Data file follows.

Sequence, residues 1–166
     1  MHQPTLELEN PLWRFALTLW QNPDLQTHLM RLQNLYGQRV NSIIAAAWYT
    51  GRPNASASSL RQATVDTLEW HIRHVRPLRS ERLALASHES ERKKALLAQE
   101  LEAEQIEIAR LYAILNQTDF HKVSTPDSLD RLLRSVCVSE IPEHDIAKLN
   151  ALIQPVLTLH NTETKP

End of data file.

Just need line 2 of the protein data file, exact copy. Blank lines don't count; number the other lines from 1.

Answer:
     1  MHQPTLELEN PLWRFALTLW QNPDLQTHLM RLQNLYGQRV NSIIAAAWYT